30 years ago Nintendo released Metroid, the first game in what would become a long lasting franchise.
Although it would never be their most popular offering (easily trumped by Mario and Zelda), a shock revelation about the game’s butt-kicking hero would earn it a place in gaming history.
Metroid introduced gamers to intergalactic bounty hunter Samus Aran. At first players were led to believe that the hero was a man - the game’s accompanying booklet referred to Samus as a “he”. But those who completed the game fast enough were in for a shock: at the end Samus revealed herself to be a woman.
Fast forward 30 years and Samus is one of the most important and iconic female characters in gaming - but she’s always been contentious. A win for feminism? We’re not so sure…
Standing on the shoulders of giants
Metroid is, for many, a genre-defining game that built on elements seen in Nintendo’s earlier successes.
Its developers took inspiration from genre-definers like Mario and Zelda, as well as the film Alien. They further developed the weapon and armour upgrade system used in Zelda, and took the pioneering step of allowing players to explore at will by backtracking and revisiting areas of the map. Meanwhile, Hirokazu Tanaka’s eerie soundtrack increased the sense of isolation for the player, aiming to make the player ‘feel as if they were encountering a living creature’.
Playing as Samus, you’re tasked by the Galactic Federation to infiltrate a space pirate base on the planet Zebes. Your goal is to destroy the Mother Brain controlling the base, and the powerful Metroid lifeforms stolen from a Galactic Federation laboratory.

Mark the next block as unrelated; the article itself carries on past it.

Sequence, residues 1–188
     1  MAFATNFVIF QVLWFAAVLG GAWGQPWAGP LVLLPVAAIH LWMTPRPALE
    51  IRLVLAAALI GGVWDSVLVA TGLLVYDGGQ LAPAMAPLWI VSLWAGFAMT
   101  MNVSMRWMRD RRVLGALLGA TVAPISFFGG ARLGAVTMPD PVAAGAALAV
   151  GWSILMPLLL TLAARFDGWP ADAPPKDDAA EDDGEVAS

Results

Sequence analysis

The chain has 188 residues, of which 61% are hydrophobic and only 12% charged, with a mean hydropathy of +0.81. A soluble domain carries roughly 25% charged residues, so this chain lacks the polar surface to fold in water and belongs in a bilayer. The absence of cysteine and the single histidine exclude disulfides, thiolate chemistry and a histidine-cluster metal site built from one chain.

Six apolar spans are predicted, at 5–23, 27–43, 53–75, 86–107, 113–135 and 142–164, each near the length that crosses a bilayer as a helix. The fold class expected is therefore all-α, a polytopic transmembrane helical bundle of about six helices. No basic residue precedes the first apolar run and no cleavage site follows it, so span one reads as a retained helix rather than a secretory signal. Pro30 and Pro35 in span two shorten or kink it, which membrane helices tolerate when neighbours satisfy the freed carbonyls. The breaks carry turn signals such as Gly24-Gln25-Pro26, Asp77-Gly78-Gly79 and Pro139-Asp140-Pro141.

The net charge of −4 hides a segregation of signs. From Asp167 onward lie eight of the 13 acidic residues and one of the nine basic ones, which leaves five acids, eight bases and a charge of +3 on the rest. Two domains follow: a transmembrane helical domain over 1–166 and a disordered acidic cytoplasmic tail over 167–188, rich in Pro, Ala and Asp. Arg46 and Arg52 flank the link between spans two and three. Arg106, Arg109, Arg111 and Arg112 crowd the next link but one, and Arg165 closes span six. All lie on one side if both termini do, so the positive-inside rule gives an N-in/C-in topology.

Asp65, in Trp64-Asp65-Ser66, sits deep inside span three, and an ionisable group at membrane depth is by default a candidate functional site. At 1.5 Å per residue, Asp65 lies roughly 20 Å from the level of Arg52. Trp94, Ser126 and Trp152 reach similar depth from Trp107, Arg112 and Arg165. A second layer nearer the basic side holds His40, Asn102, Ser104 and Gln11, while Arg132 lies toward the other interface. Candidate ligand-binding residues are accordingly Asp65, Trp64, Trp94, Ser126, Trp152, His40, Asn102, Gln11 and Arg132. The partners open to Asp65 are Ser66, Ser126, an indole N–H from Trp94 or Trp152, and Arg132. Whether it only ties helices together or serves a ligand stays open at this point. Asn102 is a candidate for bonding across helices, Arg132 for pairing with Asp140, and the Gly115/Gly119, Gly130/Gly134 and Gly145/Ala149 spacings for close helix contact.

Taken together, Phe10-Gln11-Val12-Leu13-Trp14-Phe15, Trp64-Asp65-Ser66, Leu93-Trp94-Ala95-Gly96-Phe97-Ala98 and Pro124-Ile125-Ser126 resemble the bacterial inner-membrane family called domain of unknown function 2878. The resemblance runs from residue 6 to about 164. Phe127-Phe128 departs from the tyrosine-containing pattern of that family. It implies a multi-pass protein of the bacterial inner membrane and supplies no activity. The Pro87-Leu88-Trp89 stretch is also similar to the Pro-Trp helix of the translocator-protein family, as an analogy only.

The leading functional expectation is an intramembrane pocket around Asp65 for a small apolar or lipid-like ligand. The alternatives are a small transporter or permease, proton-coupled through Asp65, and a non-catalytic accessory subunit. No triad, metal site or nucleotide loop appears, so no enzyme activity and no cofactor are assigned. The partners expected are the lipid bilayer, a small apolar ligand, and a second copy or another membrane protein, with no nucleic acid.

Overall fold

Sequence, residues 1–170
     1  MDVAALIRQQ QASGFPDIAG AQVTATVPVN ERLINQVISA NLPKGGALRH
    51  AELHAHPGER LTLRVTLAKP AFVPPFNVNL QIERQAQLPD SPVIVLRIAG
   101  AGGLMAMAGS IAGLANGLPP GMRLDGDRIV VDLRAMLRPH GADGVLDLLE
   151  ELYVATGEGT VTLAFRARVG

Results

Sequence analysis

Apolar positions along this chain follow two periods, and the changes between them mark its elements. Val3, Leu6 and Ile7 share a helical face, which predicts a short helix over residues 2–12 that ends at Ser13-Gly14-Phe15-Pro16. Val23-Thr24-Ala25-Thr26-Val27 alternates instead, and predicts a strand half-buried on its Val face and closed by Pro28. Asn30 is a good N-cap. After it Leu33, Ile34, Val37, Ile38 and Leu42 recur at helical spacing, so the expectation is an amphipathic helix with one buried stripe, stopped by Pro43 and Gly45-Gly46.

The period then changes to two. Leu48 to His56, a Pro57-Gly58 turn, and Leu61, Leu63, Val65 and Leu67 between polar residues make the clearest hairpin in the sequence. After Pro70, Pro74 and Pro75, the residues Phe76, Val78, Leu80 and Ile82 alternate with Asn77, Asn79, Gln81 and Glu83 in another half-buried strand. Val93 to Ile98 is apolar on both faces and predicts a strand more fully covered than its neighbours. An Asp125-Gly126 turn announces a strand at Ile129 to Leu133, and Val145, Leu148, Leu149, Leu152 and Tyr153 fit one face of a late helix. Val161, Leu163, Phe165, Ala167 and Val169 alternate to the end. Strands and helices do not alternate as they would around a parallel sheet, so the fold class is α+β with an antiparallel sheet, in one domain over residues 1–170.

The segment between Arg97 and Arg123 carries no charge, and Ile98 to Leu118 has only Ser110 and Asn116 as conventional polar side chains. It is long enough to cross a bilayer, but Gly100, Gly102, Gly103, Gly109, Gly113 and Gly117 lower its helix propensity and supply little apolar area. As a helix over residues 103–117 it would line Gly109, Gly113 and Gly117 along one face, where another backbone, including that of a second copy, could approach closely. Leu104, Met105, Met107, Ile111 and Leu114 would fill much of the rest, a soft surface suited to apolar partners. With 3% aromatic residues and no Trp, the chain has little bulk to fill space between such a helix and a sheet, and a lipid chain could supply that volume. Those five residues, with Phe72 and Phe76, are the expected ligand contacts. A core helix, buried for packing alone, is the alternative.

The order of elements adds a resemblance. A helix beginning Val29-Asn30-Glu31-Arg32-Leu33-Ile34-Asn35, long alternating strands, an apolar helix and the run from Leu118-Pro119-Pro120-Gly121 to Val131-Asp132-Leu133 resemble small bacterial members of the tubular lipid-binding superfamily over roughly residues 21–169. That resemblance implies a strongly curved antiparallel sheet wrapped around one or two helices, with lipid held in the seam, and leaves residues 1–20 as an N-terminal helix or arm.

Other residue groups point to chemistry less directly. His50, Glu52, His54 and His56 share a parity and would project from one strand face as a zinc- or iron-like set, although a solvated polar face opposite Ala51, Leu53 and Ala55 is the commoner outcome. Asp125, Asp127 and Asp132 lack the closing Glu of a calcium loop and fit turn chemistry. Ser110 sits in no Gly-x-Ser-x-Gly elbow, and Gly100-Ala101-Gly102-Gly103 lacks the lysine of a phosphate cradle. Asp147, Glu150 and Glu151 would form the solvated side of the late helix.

This detailed premise demanded that players undertake a huge amount of exploration to complete the game. It made for a very rewarding experience that, importantly, could end up taking a long time.
The Big Reveal
But there was incentive to complete Metroid as fast as possible, by "speed running” through the game. Nintendo offered 5 possible endings, determined by how fast you could finish.
Slower players would witness a triumphant Samus in full body armour at the end. But complete the game in a speedy 3 to 5 hours, and you were rewarded with a sequence where Samus’s helmet was removed.
This was the historic moment when ‘he’ was revealed as a she - a huge deal in 1986. There had been minor female gaming characters before, but this was a mainstream champion - who kicked ass!
Nintendo giveth and Nintendo taketh away
“Wouldn't it be kind of cool if it turned out that this person inside the suit was a woman?" With this historic statement, the Nintendo development team appeared to promoting a level of equality unseen in mainstream gaming. Until they went and undermined it all.
How? Well, expert gamers, if they could complete the challenge in under an hour, were treated to the sight of Samus in a bikini. It was a simple message: the faster you play, the skimpier the outfit. Some players even found they could play the whole game in a teeny weeny bikini if they entered a special password.
The questionable message of this early approach has been followed in the decades since by further controversies over the sexualisation of Samus. Like the time she wore heels in a Super Smash Bros game….
Some fans have questioned whether their female icon deserves better than pandering to teenage male fantasies. Nintendo, meanwhile have been happy to push Samus as an icon of girl power - check their image celebrating Women’s History Month in 2015:
Despite the controversies, in Samus Nintendo created a character that is widely held as a hero by female and male gamers alike. Transgender gaming commentator Brianna Wu has even argued that Samus is transgender too, further demonstrating the characters appeal to gamers with gender agendas.
No-one can argue that the Metroid games aren’t, essentially, brilliantly made and inventive. All we ask is that our hero is celebrated for defying gender stereotypes, instead of perpetuating them - as in that first, pioneering ending.
Let’s hope future instalments of the franchise strengthen the Samus legacy.